Infantry weapons in World War One

Infantry weapons in World War One

Infantry in World War One were armed with standard issue weapons at the beginning of the war. However, by the time the war was over, most infantrymen had learnt how to use other weapons that had been developed during wartime.

British infantry, just like their French and German counterparts, were also issued with their own uniform, as well as webbing and a rifle with bayonet. There were some soldiers who were trained to use the machine gun but many had to rely on their Lee Enfield 0.303 rifle.

The Lee Enfield rifle was first produced in 1907 and was designed by an American called James Lee. The rifles were built at the Royal Small Arms Factory in Enfield and had a good reputation among the officers.

The rifle had a ten-bullet magazine and a high rate of fire when used by soldiers with training. In fact, at the Battle of Mons, the advancing Germans reportedly thought they were being fired on by machine guns as the fire rate was so fast. Fully trained, infantrymen could shoot around 12 accurate bullets every minute.

Despite its reputation, the Lee Enfield did have one weakness: how quickly the firing mechanisms became filled with dirt. This meant that it was vital that infantrymen spent time ensuring their rifle was clean and empty of the mud that was so common in the trenches. Some would even cover their firing mechanism with a cloth when not in battle, to ensure as little mud entered as possible.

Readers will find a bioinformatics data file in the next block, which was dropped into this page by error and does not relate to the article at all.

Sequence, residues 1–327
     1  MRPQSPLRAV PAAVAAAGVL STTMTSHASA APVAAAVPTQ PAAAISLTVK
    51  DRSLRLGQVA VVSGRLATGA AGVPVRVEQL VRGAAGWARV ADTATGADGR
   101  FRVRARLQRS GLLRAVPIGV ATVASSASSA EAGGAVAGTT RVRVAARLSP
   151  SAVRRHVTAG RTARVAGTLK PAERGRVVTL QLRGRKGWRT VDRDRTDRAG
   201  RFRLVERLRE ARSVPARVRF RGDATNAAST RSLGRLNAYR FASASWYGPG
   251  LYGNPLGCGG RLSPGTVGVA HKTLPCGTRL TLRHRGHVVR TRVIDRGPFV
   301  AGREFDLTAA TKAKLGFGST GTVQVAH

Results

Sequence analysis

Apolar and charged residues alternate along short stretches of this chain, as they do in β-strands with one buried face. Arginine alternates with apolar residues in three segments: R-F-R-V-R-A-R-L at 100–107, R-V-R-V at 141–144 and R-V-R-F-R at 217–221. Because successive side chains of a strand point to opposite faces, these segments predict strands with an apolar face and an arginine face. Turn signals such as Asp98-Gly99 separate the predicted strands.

While the British men had Lee Enfield’s, the French infantrymen were issued with either Lebel or Berthier rifles. The Lebel was the older of the rifles, having been produced in 1886. This meant the French military had plenty of time to correct the main design fault of the gun: when loading nose to tail there was a chance of the bullets exploding in the magazine. Sadly, this had not been rectified so the loading procedure was slow and the rate of fire was also low once this was completed.

In order to tackle this problem, the French introduced a brand new gun, the Berthier, in 1916. Unlike the Lebel, the Berthier was clip loaded and had a more modern firing mechanism, so there was little chance of explosion during loading. However, there was only space for six rounds so the firing rate was even lower than the Lebel.

German infantrymen were issued with the Mauser rifle, which was designed in 1898 by Peter Paul Mauser. It was very popular among the soldiers. This meant an even slower loading time than the French Berthier, which was a constant issue in battle.

Officers were the only people to be issued a pistol during World War One, with the British Army officers preferring the Webley Mark IV. This pistol was also found on personnel tanks and other armoured vehicles. The Webley was reliable and easy to clean, and a total of 300,000 were distributed among British officers during the war.

In 1908, German Army officers were given the Luger as a pistol. This was another reliable fun and soon became the world’s most used pistol, with around 1.5 million being produced by Germany from 1914 to 1918.

MLA Citation/Reference

"Infantry weapons in World War One". 2023. Web.